Have you seen that movie, City of Angels, with Nicholas Cage and Meg Ryan?  Earlier in the movie Meg Ryan’s character had been frustrated by the fact that she and her doctor-boyfriend didn’t spend any real time together.  In one later scene, he comes into the locker room at the hospital and sits down opposite Ryan on a bench.   He stares meaningfully into her eyes and is silent.   She looks at him suspiciously and then asks “what are you doing?” and he replies, “I’m spending time with you.”   It’s a joke really.  Here he was trying to manufacture Quality Time.  Is the time you spend with people you care about like that?   An exercise out of a book or something you do out of obligation?   Pardon me for saying so, but if that’s the case, you’re doing it wrong.

Did you turn away from the tourist attraction and taste the light breeze that brings the scent of the ocean off Sydney Harbor?  Do you fully appreciate the serendipitous turn you took down a narrow alley that brought you to the tavern with the best bangers and mash you’d ever had (once you figured out what the hell bangers and mash were?)  Did you take a breath and recognize the fantastically special moment you just shared together whatever it may have been?

It’s this nuanced kind of existence that fills in all the little chinks and cracks that may otherwise undermine a good well-lived life.  And if you’ll forgive me the mixed metaphor, it’s this kind of living which creates the many-textured, multi-colored tapestry that is only best when it’s one of the ugliest things we’ve ever seen.  Pausing to hear the humming in the other room of a known or made up tune;  Listening to your son when he says, “I finally got the definition I wanted.”  Even if you ask, “In your life?” and he responds “No, in my arm muscles,” you get it and smile right at him.  He may not show it, but he’s paying attention and will always remember that.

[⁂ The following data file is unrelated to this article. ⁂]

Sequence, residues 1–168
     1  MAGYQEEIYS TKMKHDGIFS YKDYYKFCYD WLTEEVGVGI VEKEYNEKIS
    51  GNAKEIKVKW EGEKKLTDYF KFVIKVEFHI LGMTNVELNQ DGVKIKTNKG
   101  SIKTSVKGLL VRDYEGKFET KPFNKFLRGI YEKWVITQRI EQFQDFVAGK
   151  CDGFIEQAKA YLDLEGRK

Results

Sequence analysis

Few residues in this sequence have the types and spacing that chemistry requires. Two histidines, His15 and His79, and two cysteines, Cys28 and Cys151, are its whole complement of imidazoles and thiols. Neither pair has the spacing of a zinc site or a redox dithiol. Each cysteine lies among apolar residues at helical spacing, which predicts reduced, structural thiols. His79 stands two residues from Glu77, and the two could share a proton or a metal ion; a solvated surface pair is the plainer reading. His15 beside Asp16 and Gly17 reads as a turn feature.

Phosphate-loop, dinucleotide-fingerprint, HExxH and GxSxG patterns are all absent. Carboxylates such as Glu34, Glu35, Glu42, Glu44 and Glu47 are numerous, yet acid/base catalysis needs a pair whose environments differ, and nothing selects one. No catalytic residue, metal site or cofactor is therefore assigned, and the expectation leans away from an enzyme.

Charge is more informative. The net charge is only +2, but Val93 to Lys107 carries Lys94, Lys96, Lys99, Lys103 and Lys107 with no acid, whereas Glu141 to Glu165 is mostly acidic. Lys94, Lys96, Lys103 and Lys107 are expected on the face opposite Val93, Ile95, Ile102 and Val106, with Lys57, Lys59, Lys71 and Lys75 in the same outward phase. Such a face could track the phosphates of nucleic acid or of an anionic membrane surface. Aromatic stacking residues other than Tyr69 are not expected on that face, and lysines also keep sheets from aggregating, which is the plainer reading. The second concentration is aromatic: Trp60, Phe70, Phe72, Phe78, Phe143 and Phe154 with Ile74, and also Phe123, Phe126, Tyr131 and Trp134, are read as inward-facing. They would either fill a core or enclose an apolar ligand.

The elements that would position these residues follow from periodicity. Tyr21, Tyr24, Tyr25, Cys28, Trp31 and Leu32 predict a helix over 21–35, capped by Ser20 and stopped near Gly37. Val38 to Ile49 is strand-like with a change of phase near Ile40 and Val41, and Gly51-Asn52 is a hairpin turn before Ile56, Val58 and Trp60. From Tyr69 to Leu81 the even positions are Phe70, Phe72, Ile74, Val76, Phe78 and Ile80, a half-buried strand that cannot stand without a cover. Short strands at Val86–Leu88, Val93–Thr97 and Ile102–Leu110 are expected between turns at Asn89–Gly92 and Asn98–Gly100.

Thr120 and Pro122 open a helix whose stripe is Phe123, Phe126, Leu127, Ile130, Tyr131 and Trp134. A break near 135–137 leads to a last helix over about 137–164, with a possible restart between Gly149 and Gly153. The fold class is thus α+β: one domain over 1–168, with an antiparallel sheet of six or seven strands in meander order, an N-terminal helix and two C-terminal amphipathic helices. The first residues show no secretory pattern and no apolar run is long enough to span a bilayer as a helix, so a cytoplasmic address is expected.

We went to Hawaii this year on a very rare and special family vacation (the best kind.  It would not be the same if we went all the time.)  We tasted tropical delights, saw sunsets that made our hearts ache, swam with dolphins, giant sea turtles and the vast Pacific Ocean seeing tropical fish of any color you could imagine … It was fantastic.   A few months later, I asked my eldest son what the best part of the summer was.  I fully expected that rare kind of family vacation to be the answer.   But to my surprise and delight, he proclaimed it to be the building of a wooden airplane with grandpa.  Time.